Chandler, Arizona, United States
There's an old saying. If you don't want someone to join a crowd, you ask them, "If everyone were jumping off of a cliff, would you?" Well, I have. So my answer would be "Yes". True story.
Profile continued . . .
Review of Spring Breakers
with love from CRS @ 2:53 PM
this entry brought to you by marilyn manson, "sweet dreams (are made of this)"
I should say that I'd seen several of director Harmony Korine's movies before Spring Breakers-- notably Gummo, which is a genius-level faux documentary/white trash exploitation/ terrifying nightmare inducer, so I knew what I was getting into before seeing it. Korine's movies often involve teenage sex, tons of nudity, and a loose, bordering on non existent narrative, and you're never sure how much of it is scripted, and how many people whose faces you don't recognize are actually actors or are just locals being used.
Spring Breakers is well within Korine's wheelhouse, as there are teens up to no good immediately. Four college students, all around 19, one of them a bible-study regular, are desperate to head to Florida for spring break but lack the funds, so three of them, after smoking some weed, violently and gleefully rob a local deli. From there they make it to their destination, and debauchery-- the gross, coke-off-a-girl's-breasts, sex-with-a-pair-of-twins simultaneously kind of debauchery-- commences. The girls get arrested, only to be sprung from jail by a drug dealer named Alien, played by James Franco, who is clearly having fun playing the skeeviest skeeving scumbag in the history of movies. So far so good.
But once one of the girls gets shot, Spring Breakers changes from an unflinching teensploitation film that Korine is so good at, into-- what? An extended dream sequence? A crime superhero drama? A feminist about-face, rejecting the victimhood of the first half? A racist commentary on racism? A stoned power fantasy? As the characters switch from dumb girls being bad to bad girls being terrifying to terrifying girls being bulletproof death-dealing comic book vigilantes, we watch extended sequences of our trashy villain pondering his life as lines of dialogue are repeated dreamily and he sings Britney Spears songs played with plaintive piano while gazing out at the sea. The girls call their parents back home and realize they've grown up in just the past two weeks, where just days prior they were playing psycho-sexual freak-out games with a disturbingly willing Alien. The violent climax features almost exclusively black characters being shot by two of our white heroines, clad only in hockey masks and bikinis in a scene so over the top it couldn't possibly be on accident.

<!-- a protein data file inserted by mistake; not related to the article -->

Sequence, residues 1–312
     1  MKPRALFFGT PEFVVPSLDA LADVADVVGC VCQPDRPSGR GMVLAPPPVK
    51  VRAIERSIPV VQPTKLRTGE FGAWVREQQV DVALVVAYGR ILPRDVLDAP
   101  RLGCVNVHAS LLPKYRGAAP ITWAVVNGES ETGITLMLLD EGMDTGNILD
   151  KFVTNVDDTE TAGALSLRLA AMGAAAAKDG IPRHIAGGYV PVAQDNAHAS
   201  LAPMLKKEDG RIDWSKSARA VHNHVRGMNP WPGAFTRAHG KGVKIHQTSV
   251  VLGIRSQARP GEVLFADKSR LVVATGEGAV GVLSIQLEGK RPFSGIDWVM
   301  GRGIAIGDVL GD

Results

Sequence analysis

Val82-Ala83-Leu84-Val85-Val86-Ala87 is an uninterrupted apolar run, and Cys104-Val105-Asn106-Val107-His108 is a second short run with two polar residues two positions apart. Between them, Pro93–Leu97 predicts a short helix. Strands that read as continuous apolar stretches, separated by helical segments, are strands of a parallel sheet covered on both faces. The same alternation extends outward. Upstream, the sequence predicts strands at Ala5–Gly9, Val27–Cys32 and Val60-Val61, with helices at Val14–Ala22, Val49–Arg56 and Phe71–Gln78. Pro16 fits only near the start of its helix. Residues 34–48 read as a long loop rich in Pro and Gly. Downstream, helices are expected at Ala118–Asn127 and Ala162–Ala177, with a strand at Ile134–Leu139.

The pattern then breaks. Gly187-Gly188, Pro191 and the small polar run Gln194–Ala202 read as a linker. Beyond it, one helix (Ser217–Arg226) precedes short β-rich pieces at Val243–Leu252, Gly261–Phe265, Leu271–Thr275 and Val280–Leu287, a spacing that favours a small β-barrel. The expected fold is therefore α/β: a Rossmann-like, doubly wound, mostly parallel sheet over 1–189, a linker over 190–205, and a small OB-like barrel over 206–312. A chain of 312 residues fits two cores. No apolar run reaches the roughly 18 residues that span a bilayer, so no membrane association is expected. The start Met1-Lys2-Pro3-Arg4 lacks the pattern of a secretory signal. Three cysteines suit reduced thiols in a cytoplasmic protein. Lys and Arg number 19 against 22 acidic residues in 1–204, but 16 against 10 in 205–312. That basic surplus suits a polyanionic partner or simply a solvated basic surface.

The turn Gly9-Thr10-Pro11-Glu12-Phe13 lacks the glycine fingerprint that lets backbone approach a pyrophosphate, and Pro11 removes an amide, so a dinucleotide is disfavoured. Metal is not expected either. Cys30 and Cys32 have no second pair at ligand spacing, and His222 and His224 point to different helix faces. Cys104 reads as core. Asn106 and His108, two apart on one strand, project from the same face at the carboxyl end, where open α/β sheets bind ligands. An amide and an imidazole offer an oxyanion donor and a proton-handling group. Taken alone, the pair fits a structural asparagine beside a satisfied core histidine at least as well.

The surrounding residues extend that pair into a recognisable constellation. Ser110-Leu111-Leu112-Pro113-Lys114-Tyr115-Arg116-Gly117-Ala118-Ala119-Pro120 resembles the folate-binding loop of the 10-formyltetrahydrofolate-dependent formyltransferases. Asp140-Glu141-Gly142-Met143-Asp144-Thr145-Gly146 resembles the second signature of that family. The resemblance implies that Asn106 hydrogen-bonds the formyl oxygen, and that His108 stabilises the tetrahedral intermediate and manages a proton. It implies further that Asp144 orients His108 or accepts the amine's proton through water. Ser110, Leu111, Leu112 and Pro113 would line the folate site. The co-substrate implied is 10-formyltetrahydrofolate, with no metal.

All of Harmony Korine's movies have left me with a disgusted, dirty feeling and I've wanted to take a shower after seeing them, but I was also left feeling invigorated and never unsure what it was I was seeing. With Spring Breakers I had all those feelings, but also felt overwhelmed in that the movie seemed defiantly wallowing in moral low grounds, and instead of redeeming itself or staying distant enough to be a warning or a documentation of some kind, it indulges in its worst aspects. I won't say that it's a morally objectionable film because it seems to be the same sort of film Korine always makes, although if this were the first film I'd seen by the director you could easily talk me into feeling that it is. What I will say is that I'm not sure I care about what the movie is challenging me with.